My troubles are all over, and I am at home."
--Anna Sewell, Black Beauty
TWICE IN MY LIFE, I found myself pondering the upcoming placement of a foster horse with a feeling of weight and dread, a sort of uncomfortable lump in my throat that would not go away. It's always bittersweet, releasing the amazing souls who have crossed paths with me into the hands of someone kind and deserving. I know I will miss them terribly, yet I know their path is meant to curve gently away from mine. I watch them from afar, like a mother bird whose fledglings one day fly purposefully away from the nest.
Twice, and only twice, I've not been able to bring myself to be that brave mama bird, feeling, instead, that I was the one meant for this horse. The first time, with my gray gelding Ridge, I felt ill each time I made an adoption flyer, or placed an ad, or talked to potential adoptors. It was a strange feeling of unrequieted love, as if we were star-crossed friends destined to part. I took Ridge to dressage shows, on trail rides, and spent sweet moments having quiet chats with him in the stall. He felt like my horse. I wanted so badly to keep him.
But it's not always that simple, especially when you already own several horses and, at times, struggle to pay for it all. My husband (bless his heart), who grimaced silently when I finally confessed my pain over Ridge, simply said: "Happy Mother's Day --- Forever!" And with that, Ridge was mine, and the unbearable weight of not knowing was lifted.
With Argus, it has been different. For months, I have trudged along with the honest intent of placing him. Placed ads. Made flyers. Wrote about him in a blog that I sincerely hoped would produce a few good home leads. The amazing thing is that with thousands of people reading Saving Argus, in all these months, not one person has wanted to adopt Argus. Not one single inquiry. Not one.
It's hard not to love Argus. Despite years of abuse, he is an innocent, a sweet, gentle, wise old soul who's quite unlike any horse I've ever met. I watched a horse who was once miserable and confused transform into a happy little being who sort of skipped through every moment of his day. Eating, sleeping, drinking and companionship were a joyous new dance for Argus. It reminded me that my seemingly mundane life, and the sometimes daunting responsibilities that come with it, was more a little slice of paradise than a burden. Gaining this sort of perspective was a blessing. Getting it from a horse was nothing short of amazing.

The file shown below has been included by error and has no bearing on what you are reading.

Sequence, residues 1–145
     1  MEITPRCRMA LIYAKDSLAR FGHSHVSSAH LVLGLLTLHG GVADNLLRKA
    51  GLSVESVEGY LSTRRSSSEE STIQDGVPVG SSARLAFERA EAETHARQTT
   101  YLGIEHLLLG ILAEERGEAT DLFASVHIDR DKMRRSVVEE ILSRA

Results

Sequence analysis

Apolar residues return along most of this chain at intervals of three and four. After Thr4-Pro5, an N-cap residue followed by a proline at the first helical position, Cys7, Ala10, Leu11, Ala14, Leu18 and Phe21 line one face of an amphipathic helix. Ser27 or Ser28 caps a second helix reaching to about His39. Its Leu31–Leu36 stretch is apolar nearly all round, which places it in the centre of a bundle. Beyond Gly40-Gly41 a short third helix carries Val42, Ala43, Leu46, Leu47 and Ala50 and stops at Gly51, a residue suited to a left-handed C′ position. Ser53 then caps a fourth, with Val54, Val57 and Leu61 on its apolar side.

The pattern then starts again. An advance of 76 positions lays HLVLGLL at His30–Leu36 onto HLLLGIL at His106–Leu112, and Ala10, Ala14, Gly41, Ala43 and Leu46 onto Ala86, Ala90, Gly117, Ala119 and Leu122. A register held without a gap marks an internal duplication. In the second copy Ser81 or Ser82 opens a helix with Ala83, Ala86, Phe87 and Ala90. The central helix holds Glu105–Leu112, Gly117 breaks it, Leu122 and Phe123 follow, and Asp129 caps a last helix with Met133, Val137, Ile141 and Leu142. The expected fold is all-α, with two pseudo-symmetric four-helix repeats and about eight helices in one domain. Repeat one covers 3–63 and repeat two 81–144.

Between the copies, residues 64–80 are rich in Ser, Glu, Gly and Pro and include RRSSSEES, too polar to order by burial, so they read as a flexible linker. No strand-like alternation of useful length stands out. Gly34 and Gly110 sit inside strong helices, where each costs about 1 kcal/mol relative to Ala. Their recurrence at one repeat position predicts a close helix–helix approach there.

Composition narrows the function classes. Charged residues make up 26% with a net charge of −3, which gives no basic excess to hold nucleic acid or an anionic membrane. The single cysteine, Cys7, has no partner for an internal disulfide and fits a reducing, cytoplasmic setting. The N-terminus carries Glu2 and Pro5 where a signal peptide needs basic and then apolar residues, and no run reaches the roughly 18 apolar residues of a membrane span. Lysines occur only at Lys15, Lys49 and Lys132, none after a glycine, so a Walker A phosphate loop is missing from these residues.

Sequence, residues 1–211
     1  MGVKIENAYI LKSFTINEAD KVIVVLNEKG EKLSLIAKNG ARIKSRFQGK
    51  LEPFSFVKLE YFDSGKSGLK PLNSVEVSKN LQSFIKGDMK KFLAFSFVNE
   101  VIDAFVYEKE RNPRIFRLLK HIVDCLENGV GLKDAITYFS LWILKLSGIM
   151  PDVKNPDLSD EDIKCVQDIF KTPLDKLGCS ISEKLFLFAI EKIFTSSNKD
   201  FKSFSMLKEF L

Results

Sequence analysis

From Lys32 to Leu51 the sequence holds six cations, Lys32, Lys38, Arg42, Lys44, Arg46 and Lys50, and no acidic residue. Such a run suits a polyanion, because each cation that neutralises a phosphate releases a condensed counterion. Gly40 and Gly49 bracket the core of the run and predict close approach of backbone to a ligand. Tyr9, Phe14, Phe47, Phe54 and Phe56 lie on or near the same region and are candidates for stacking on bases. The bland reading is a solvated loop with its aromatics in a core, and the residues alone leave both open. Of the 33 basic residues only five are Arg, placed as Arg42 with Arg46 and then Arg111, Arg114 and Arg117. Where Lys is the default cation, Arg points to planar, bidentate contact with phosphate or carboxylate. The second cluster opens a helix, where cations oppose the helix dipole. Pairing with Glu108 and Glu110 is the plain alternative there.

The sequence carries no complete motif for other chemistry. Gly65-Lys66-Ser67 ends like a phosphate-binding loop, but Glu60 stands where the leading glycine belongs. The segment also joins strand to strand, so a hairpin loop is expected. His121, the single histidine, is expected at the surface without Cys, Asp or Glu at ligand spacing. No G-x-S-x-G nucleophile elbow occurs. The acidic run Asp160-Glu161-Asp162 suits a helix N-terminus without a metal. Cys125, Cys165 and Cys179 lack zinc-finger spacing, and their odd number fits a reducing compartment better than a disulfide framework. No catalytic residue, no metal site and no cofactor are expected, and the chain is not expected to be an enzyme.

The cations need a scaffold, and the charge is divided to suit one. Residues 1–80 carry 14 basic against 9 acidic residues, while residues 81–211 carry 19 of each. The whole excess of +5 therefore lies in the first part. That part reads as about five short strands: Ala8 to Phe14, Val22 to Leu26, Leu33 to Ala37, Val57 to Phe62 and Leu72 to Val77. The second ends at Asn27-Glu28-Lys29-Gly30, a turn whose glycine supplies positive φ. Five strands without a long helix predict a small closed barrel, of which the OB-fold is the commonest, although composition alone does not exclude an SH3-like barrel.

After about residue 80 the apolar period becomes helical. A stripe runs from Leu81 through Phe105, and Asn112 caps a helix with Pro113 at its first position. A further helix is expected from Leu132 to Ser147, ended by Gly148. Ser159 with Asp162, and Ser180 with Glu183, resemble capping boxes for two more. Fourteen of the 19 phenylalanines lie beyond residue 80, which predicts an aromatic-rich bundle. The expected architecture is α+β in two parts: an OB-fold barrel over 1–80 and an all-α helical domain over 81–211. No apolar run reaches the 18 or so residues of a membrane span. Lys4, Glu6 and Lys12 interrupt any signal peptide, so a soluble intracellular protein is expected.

Every day, I watched Argus amble happily through the pasture, Ridge faithfully at his side, the two of them moving in such unison that they looked like mirror images. Every day, I saw Argus blink sleepily at Half Pint's half-hearted instruction, or nuzzle Odie's flank under the shade of the redwood tree. They looked like a little horse family, the four of them together, and I was struck by the feeling that Argus was just so damn happy. How could I take that away? How could I uproot him from this happy life? How could I take him away from his family?
And so, after great consideration (and the promise of ongoing help from a few friends), it's been decided that Argus shall stay at Watermark Farm. Forever. He's been adopted by us.
I hope you will stick around and keep reading about the continued adventures of Argus and his twin brother and soul mate, Ridge, as well as all the other denizens of Watermark Farm. For now, it's an ending to one story...and the beginning of another that I hope will continue for years to come. I sure would like it that way.